Toy­lan­der Story

Adam Rix built his nephew the best Christ­mas present ever, a Series I Toy­lan­der

Land Rover Monthly - - Contents - Story and Pic­tures: Pa­trick Cruy­wa­gen

The story of how one joiner cre­ated the ul­ti­mate minia­ture replica Land Rover for his nephew

Each year thou­sands of Land Rover en­thu­si­asts at­tend the var­i­ous sum­mer Land Rover shows and watch the im­pres­sive per­for­mances in the arena. At the big­ger shows the Mini Me Driv­ers Club nor­mally make an arena appearance. These are kids driv­ing an ar­ray of minia­ture Land Rovers, some home­made by dad us­ing an old mo­bil­ity scooter mo­tor and a few bits of wood, while oth­ers drive per­fect repli­cas which are made from kits sup­plied by a com­pany called Toy­lan­der.

Once home some show at­ten­dees might Google Toy­lan­der, take a browse of their web­site and then order the build man­ual for £45. Who would not want to give the kid that they love a beau­ti­fully crafted mini Land Rover? Or are we all re­ally just big kids at heart? For most that is where the Toy­lan­der jour­ney ends due to the re­al­i­sa­tion that not only do the ac­tual Toy­lan­der kits cost a lot money, it also takes a fair amount of time to build one. Which is just like a any old Land Rover project I sup­pose. Plus you need spe­cialised wood­work skills to craft the Toy­lan­der’s wooden body shell.

One per­son who was def­i­nitely not per­turbed by the enor­mity of build­ing a Toy­lan­der was Adam Rix, a joiner from Dun­sta­ble, Bed­ford­shire, who re­cently built his nephew Ed­die Hill (4) a very smart-look­ing Series I Toy­lan­der. Why a Toy­lan­der? When Adam was a lit­tle boy his dad, also a joiner, would al­ways build him some­thing for Christ­mas, and he still has some of those hand­made gifts to­day. Con­tin­u­ing with tra­di­tion, for Christ­mas 2016 Adam built Ed­die a rather stun­ning wooden Rock­ing Horse. In 2017, he de­cided to go one bet­ter and built a Toy­lan­der from scratch.

De­spite his busy job in the fam­ily busi­ness (Dun­sta­ble Join­ery), Adam still some­how man­aged to fin­ish the job just in time, he takes up the story: “I must have spent about 100 hours on the build and it took me

roughly six months to com­plete.” While Adam might not own a Land Rover he is a mas­sive car en­thu­si­ast. His mum Eu­nice has al­ways owned Land Rovers and she cur­rently drives a Dis­cov­ery Sport.

After study­ing the build plan Adam spent an­other £1206 on the Toy­lan­der kit. I ask Adam what are the key el­e­ments for a stress-free and suc­cess­ful Toy­lan­der build? “You need pa­tience and the space to build it in. It also helps if you are a joiner like me!” Sis­ter Amy is quick to point out that her brother Adam is a lit­tle OCD when build­ing any­thing with wood. Thanks to their highly suc­cess­ful wood­craft busi­ness they have all the tools and gear needed to build a Toy­lan­der at the Dun­sta­ble ware­house, and judg­ing by some of the other things that they have built, they cer­tainly know their stuff. “After build­ing a Toy­lan­der I can see why some peo­ple would rather just buy one fin­ished. They take time and skills to build one, which is prob­a­bly why I have seen loads of un­fin­ished ones for sale on ebay.” Not so for Adam, who painstak­ingly cre­ated his ver­sion of the Toy­lan­der us­ing half-inch thick mois­ture re­sis­tant MDF for the body shell to help it stand up against wet Bri­tish win­ters.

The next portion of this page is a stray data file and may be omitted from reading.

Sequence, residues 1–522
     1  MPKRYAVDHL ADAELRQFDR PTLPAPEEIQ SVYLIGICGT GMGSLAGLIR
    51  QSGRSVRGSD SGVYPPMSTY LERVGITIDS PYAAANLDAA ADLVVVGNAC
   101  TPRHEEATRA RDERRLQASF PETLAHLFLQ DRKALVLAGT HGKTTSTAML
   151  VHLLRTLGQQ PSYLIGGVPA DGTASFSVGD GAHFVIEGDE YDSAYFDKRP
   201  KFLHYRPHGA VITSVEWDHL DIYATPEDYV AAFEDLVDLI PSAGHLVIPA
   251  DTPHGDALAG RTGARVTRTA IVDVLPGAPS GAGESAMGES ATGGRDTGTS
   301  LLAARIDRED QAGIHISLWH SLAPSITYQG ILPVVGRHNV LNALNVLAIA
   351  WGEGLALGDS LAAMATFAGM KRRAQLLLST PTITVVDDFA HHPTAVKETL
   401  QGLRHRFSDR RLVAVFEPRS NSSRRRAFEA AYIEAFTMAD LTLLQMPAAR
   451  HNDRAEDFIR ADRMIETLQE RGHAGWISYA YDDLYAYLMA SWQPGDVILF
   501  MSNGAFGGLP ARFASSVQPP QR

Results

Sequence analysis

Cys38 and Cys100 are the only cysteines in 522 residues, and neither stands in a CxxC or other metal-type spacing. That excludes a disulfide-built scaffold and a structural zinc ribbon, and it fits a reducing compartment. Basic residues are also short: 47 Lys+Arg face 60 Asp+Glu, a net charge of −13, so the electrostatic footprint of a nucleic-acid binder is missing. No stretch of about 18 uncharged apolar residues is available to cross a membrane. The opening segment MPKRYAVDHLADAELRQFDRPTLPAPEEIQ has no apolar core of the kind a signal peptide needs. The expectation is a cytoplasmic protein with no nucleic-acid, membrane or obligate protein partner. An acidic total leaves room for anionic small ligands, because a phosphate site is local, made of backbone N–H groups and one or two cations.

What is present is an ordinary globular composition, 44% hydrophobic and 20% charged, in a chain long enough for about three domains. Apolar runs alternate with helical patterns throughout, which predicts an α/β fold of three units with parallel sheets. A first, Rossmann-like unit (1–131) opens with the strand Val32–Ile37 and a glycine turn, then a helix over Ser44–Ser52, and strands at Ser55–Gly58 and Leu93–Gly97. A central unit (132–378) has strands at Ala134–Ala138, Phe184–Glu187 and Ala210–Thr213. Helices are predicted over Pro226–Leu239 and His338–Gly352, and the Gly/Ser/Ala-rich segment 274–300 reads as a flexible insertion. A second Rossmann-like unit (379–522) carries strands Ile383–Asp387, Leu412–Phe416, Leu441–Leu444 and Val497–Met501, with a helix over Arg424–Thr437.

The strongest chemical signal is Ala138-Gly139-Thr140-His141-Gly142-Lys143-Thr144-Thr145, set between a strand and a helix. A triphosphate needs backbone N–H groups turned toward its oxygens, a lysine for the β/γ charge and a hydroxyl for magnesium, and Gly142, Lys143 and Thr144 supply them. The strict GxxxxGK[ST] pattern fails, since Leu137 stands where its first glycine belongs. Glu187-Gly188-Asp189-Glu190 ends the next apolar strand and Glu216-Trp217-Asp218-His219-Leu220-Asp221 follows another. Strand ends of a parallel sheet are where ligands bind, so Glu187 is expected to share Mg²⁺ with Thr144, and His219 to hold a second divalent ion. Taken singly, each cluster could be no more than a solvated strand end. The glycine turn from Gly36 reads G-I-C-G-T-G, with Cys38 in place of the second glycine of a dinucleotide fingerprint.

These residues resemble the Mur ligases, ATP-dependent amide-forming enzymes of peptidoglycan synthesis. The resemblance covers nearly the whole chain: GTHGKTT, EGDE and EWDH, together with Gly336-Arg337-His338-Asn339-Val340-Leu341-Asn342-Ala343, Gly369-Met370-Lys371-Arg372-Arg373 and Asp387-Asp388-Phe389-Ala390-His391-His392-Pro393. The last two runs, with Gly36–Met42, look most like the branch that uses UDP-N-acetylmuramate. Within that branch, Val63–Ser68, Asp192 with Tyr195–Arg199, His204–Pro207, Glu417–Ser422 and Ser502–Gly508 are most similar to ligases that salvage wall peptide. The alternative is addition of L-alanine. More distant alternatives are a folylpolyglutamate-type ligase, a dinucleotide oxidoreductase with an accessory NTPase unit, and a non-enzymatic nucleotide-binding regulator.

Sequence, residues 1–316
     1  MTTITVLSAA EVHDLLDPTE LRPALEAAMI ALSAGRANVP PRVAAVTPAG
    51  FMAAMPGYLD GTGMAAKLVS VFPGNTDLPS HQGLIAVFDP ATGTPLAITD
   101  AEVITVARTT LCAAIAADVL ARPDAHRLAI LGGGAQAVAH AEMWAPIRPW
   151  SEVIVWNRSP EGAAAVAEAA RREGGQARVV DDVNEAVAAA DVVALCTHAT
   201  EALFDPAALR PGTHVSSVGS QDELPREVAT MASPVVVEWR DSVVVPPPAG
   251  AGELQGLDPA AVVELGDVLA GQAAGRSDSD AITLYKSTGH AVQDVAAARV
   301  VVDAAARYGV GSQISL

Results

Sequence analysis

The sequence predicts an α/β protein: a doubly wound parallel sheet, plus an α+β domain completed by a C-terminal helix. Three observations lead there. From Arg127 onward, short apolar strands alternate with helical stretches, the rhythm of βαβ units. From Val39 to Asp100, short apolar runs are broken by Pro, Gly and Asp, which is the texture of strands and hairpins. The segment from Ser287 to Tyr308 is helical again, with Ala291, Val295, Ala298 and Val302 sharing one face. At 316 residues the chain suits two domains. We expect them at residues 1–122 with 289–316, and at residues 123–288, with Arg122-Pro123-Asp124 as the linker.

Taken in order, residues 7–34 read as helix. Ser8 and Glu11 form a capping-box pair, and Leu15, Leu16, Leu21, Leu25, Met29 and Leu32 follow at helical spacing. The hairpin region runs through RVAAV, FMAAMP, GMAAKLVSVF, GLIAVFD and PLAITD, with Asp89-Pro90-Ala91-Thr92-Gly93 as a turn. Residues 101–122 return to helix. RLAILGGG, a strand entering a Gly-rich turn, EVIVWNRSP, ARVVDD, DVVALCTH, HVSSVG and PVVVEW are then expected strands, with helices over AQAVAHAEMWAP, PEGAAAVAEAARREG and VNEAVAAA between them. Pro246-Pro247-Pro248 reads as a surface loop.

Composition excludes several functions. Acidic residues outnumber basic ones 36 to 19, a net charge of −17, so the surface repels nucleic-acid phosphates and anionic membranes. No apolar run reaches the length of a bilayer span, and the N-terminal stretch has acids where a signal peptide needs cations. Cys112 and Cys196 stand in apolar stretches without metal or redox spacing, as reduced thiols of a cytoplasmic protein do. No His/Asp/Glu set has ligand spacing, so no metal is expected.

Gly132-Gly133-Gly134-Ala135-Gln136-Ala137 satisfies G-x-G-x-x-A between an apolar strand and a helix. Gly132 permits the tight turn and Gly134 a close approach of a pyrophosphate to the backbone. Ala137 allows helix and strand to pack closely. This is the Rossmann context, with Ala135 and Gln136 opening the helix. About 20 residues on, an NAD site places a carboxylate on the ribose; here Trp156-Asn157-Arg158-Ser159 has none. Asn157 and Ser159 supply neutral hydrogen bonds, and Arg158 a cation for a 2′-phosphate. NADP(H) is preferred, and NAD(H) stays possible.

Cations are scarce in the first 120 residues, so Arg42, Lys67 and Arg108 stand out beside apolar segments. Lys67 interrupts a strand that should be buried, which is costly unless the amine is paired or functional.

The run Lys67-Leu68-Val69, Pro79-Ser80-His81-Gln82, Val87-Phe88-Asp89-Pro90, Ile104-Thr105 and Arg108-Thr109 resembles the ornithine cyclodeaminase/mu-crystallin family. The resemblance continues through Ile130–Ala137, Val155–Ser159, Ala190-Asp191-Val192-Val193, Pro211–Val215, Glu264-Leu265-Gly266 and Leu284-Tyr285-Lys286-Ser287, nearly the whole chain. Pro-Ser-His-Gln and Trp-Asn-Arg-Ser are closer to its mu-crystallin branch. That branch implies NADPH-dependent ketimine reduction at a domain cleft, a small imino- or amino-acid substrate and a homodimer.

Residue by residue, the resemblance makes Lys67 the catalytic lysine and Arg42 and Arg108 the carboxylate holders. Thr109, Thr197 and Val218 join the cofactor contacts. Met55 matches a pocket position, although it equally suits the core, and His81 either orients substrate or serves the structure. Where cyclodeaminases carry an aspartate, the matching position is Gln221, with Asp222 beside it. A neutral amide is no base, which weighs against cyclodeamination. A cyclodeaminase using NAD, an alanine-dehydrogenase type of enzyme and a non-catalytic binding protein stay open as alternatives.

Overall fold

They say that the devil is in the de­tail and de­spite the fact that he does not own a Series I, Adam has done his home­work with his nephew’s Toy­lan­der. He stud­ied pic­tures of real Series Is in mag­a­zines and on the in­ter­net, which is why his ver­sion has the cor­rect rearview mir­ror, tax discs and num­ber plates. It does not stop there as Adam cut and fit­ted mud flaps and rub­ber mats – he even went as far as mak­ing lit­tle rub­ber straps for the tail­gate.

After the wooden body was fin­ished he sent it away to a nearby paint shop who used lead paint, and a closer in­spec­tion re­veals they have done a fan­tas­tic job, in fact it is prob­a­bly bet­ter than the paint job my Defender re­ceived 20 years ago.

As the build went on Adam did al­low him­self the lux­ury of a cou­ple of up­grades. As the adults would also be join­ing Ed­die on his Toy­lan­der, a sec­ond mo­tor and bat­tery were neatly fit­ted.

“Build­ing a Toy­lan­der is not like buy­ing your kid a box of LEGO. I wanted to add a few per­sonal touches to it so when other peo­ple see it they recog­nise I have done an aboveav­er­age job of it,” ex­plains Adam.

I con­cur with Amy that her brother might be a lit­tle OCD. The fin­ish­ing, qual­ity of the work­man­ship and at­ten­tion to de­tail are sec­ond to none.

So after in­spect­ing Adam’s Series I Toy­lan­der in the work­shop of the Dun­sta­ble Join­ery I can con­fi­dently de­clare that Adam has in­deed done a top job and I bet most Land Rover lov­ing kids wish that they had an un­cle like Adam.

Bon­net clips that work and look just like the real thing

The ex­haust has a life­time guar­an­tee, which prob­a­bly makes it the green­est Land Rover in the world

De­spite the lack of low range, you can ac­tu­ally take a Toy­lan­der off-road

Newspapers in English

Newspapers from UK

© PressReader. All rights reserved.